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A CurtainUp Berkshire Review
Lauren (Amanda Quaid) is a single, somewhat confused doctoral candidate whose summer is occupied by five engagement parties, including that of her best friend Allison (Kate Loprest.) Amanda's fiance Mark (Robert David Grant) is a smug womanizer with designs on Lauren. After a drunken inspired and unwise liaison with him, Lauren is consumed with guilt as she attempts to decide how to handle a very explosive situation.
To add complexity to the already angst-ridden turmoil, her cousin Catherine (Phoebe Strole) and Ryan (Adam Gerber,) her significant other, visit Lauren in a stopover that never ends. This pits the sophisticated, self-absorbed Bostonians against the seeming rustics. We have entered into a Trollope infused Victorian examination of modern mores and hilarious dramatic scrutiny of the minutiae which consumes many young people's lives. They even speak to us as they reveal the internal histrionics they wallow in when alone and allowed to think.
Brian Prather's simple yet effective set of lush garden pillars, and ornate sofa with allusions to a romantic gazebo is bathed in the summer glow of Yao Zhao's lighting. It serves as the versatile Victorian literary age backdrop which also happens to be the focus of Lauren's PHD. With little effort it also becomes Lauren's cramped apartment where light of day casts a sharp glow of realism on her internal struggles with the events whirling about her life.
These theatrics create vividly amusing scenes between Lauren and the other characters informed by the details that would be the paramount concern of the daily drama found in a Trollope novel. Their attention to every nuance of their waking moments seems to be representative of these extremely self-conscious, narcissistic characters who are both abusive of and abused by the social media which dominates their lives and the fine line they walk between private and public personae.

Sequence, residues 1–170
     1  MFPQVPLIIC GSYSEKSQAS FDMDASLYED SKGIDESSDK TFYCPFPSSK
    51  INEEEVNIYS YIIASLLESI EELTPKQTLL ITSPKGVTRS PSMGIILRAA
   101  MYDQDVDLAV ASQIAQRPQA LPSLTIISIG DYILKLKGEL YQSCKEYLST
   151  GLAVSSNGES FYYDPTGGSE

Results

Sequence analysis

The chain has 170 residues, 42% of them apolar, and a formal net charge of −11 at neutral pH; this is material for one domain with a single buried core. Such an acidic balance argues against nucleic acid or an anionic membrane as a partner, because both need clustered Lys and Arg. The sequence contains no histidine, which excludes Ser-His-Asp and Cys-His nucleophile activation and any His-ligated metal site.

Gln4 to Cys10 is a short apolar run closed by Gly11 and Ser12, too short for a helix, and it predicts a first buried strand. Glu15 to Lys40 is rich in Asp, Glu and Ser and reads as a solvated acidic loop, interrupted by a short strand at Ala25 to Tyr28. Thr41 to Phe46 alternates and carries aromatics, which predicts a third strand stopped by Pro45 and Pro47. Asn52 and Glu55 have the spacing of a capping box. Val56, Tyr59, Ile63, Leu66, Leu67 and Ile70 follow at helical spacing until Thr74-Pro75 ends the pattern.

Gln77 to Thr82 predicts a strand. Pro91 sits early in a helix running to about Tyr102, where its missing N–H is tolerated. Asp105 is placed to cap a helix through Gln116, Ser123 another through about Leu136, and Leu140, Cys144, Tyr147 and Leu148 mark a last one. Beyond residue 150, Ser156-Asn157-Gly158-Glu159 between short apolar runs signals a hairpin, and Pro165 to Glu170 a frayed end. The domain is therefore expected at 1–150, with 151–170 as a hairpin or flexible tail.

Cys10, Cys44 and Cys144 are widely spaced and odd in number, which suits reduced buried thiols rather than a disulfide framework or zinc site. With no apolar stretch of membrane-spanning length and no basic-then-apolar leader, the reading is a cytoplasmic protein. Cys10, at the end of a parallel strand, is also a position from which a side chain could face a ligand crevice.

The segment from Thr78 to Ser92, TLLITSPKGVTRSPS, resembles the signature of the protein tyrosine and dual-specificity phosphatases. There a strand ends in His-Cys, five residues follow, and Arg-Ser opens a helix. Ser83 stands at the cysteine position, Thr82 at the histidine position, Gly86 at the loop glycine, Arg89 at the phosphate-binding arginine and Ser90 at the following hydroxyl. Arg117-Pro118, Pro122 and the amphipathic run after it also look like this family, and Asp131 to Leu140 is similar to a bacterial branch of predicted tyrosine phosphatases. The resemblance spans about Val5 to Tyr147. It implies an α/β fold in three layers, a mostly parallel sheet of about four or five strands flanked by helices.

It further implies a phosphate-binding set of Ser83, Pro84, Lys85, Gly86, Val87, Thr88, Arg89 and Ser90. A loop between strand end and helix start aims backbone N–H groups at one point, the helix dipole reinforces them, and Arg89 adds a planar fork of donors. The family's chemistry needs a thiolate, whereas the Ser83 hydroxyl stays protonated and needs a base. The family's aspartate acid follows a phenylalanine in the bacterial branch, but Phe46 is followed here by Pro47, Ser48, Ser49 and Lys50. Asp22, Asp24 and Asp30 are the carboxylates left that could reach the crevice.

In a scene where Allison does a riff on beef sliders the anxiety created by myriad food choices and their implications is indicative of the semiotic symbolism of their universe where every sign, signal and gesture is seen as a statement which brands the image they have of themselves and each other. Ryan's "Everyone's eating a crab cake. Should I eat a crab cake?" is symptomatic of a world where studied metaphor has replaced insouciant spontaneity.
The millennials' real and universal fears are often hidden behind youthful arrogance and gorgeous costumes by Beth Goldenberg. Mark, the delicious roue played by Robert David Grant, zeroes in on the very human worry of everyman: "That everyone is the wrong person when you're afraid you're the wrong person."
This absorbing and appealing study of the current generation conceived by a young and promising Lucy Teitler is awash with references to au courant news topics that occupy and hold sway over millennial life choices. It examines the idea that meaning is created by one's every action and reaction and it is both zany and thought-provoking. Brought to life by a talented and energetic group of young actors who imbue every gesture and comment with a larger than life significance, this show is a provocative view of the tenor of the time.